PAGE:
Yesterday saw the launch of the IF campaign to end global hunger. The campaign has been launched by a coalition of 100s of NGOs and faith groups and is the largest campaign of its kind since Make Poverty History in 2005. Alongside targeting global poverty directly, the IF campaign focuses on the need to target a range of development issues that lead to global hunger, including climate change adaptation, corporate tax avoidance, land grabs and support for small scale farmers.
“There is enough food in the world to feed everyone, yet one in eight women, men and children go to bed hungry every night each year, 2.3 million children die from malnutrition; women are more likely to go hungry compared to men. There is enough food to feed everyone, but the majority of those going hungry are small-scale farmers…” – Statement from the IF campaign, released yesterday.
Like the Make Poverty History Campaign in 2005, the IF campaign will focus heavily on the UK’s role as chair of the G8 throughout 2013. This gives the Coalition a golden opportunity to press for action at a global level. In addition to chairing the G8, David Cameron will be co-chairing the UN Panel drafting the successor to the Millennium Development Goals (MDG) and the UK will be chairing the Open Government Transparency Partnership (OGP) – both present vital chances for progress on hunger at the international level.
This campaign should be welcomed. Whilst some parts of the world have made great strides towards addressing hunger, international progress on this issue has fallen badly behind. Food prices spiked dramatically in 2008 and 2011 – mainly due to peaks in oil wholesale prices – with disastrous consequences for the most vulnerable, and rising demand globally means prices remain prohibitively high for millions. The MDGs originally aimed to have halved global hunger by 2015, but today we know that goal is still a long way off. Without real action from policy makers by 2025 nearly a billion young people could be trapped in a life of poverty because of the damage done to them through hunger and malnutrition. Worst of all it doesn’t have to be this way. The world has enough food to address the issue of global hunger, but a range of issues – such as reduced aid to agriculture in the developing world or crop failures as a result of climate change – prevent global food supplies from being properly distributed, and reports suggest up to a third of all food is wasted.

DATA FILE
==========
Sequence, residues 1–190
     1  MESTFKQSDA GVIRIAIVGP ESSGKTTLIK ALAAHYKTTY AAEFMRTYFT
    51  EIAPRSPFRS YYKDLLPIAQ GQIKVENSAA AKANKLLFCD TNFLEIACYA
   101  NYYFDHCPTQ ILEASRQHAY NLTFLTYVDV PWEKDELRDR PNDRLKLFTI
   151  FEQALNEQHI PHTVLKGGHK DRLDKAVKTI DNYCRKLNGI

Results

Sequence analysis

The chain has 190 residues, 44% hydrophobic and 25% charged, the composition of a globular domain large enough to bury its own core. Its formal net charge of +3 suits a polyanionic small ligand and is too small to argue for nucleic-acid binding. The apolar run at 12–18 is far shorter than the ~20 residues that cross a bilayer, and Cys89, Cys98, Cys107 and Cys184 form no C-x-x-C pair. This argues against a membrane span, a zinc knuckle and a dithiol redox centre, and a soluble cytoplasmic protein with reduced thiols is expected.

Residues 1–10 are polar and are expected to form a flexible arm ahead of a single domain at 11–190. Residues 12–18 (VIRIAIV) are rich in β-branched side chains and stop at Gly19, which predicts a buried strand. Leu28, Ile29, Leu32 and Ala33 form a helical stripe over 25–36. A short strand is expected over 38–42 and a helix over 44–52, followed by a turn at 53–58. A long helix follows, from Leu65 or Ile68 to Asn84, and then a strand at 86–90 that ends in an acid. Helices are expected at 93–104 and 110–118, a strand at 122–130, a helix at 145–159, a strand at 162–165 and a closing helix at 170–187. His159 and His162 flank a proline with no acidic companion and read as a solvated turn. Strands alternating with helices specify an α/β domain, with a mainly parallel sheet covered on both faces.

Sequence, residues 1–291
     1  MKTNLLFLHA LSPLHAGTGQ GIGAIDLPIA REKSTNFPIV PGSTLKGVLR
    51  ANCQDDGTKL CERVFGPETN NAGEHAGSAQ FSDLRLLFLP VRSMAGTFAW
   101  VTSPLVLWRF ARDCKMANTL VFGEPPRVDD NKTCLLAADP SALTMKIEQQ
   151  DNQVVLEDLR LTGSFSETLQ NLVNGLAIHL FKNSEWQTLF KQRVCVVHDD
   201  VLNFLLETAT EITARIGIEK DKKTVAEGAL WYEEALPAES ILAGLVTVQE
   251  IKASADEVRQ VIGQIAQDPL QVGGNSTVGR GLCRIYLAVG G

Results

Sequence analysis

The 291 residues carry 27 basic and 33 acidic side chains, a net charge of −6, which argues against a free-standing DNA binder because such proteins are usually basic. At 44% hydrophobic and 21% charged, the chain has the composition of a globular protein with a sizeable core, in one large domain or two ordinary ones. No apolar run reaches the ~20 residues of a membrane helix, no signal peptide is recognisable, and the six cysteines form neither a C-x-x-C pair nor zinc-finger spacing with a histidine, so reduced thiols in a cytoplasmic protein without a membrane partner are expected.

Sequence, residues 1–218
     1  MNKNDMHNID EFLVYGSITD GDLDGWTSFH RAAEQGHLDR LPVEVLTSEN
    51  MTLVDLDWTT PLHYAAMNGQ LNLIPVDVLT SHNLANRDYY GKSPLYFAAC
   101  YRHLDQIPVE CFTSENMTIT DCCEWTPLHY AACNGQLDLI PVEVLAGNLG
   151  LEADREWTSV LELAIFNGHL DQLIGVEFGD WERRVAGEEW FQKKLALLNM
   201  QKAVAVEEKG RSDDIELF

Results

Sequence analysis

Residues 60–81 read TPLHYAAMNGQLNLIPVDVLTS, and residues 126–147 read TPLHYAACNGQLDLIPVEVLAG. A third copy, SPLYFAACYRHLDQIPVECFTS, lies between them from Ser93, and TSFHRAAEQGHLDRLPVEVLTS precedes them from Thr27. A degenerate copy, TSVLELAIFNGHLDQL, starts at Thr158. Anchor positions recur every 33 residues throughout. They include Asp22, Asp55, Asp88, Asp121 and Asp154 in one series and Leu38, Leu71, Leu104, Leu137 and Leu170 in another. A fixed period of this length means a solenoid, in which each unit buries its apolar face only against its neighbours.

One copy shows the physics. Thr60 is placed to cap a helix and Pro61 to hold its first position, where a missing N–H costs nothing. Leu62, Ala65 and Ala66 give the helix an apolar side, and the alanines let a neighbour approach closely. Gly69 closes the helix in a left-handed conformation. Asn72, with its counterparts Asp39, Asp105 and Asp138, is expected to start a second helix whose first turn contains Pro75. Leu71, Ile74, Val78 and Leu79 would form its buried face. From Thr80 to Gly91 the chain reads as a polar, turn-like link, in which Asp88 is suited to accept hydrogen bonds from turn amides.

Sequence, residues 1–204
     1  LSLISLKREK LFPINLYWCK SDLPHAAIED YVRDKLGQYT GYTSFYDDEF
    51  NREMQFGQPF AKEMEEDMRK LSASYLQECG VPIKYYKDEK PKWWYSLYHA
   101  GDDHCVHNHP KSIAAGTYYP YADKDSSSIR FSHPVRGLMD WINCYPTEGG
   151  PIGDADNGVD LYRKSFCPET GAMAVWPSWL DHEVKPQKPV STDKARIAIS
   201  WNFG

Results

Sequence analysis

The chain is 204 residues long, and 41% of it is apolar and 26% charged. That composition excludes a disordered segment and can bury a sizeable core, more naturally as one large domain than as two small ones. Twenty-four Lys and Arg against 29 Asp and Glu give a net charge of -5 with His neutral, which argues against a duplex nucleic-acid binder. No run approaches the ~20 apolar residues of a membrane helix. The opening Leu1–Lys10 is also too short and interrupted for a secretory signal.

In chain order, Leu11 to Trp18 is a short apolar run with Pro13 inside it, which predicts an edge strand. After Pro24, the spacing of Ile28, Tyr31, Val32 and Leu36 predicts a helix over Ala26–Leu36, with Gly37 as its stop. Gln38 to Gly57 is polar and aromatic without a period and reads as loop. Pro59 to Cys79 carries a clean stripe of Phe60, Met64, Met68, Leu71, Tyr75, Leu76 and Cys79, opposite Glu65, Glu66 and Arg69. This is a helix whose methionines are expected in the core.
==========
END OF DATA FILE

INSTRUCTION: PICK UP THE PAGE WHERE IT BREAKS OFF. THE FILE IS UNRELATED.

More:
But for this campaign to be a success it needs the whole-hearted support of the Coalition; Not just warm words in support of IF’s objectives, but a real commitment to fundamental changes required to our international system to end poverty. A key to the success of Make Poverty History in 2005 was the leadership shown from the Labour Government who took up the agenda at the G8. In contrast here has been a distinct leadership deficit on international development since Blair and Brown left office – securing an agreement at these Summits really does come down to the phone calls, the one-to-one meetings, the cajoling undertaken by political leaders – and beyond those warm words we’ve seen little evidence over the last few years Cameron & co are willing to put in the necessary graft.
We at LCID would also support a global response to the issue of hunger that doesn’t just focus on the G8 but includes the emerging powers in the G20 groups and the poorest countries themselves. This response should seek to reform our global economy so that it enables all countries to grow sustainably and equitably, build strong public services that provide education and protect their citizens from hunger and ill health, and in doing so eradicate poverty the world over. A response that Cameron is incapable of backing since he and his Party are ideologically opposed to much of it.
Finally, there are already glaring inconsistencies in this Government’s approach to tackling hunger, something we raised in our reaction to the Hunger Summit last year. On tax, LCID has been campaigning with Labour MPs and the charities ActionAid and Christian Aid against changes to tax rules proposed by George Osborne that could make it easier for UK companies operating abroad to use tax havens and reduce their tax liability in developing countries – something which could rob poor countries of up to £4 billion in lost revenue.
The Government has also actively blocked Labour’s and the Co-operative Party’s proposed amendments to the Financial Services Bill that would increase transparency around food and commodity speculation. Deregulated and secretive agricultural commodity derivatives markets have attracted huge sums of speculative money, and there is growing evidence that they deliver distorted and unpredictable food prices – so why is the Government claiming to want greater transparency yet blocking our attempts to introduce just that?
We welcome the IF campaign and encourage people to sign up in support of the campaign. At LCID we will continue to press the Coalition to show the same enthusiasm for IF’s objectives that Labour showed for Make Poverty History eight years ago, and we hope the IF campaign holds this Government to the same standards they (rightly) expected of us in 2005.
If the demands of the campaign are met it has the potential to make a huge difference for millions of lives. We fear, however, that this Government will be found wanting.
Charlie Samuda is LCID Vice Chair for Communications and Campaigns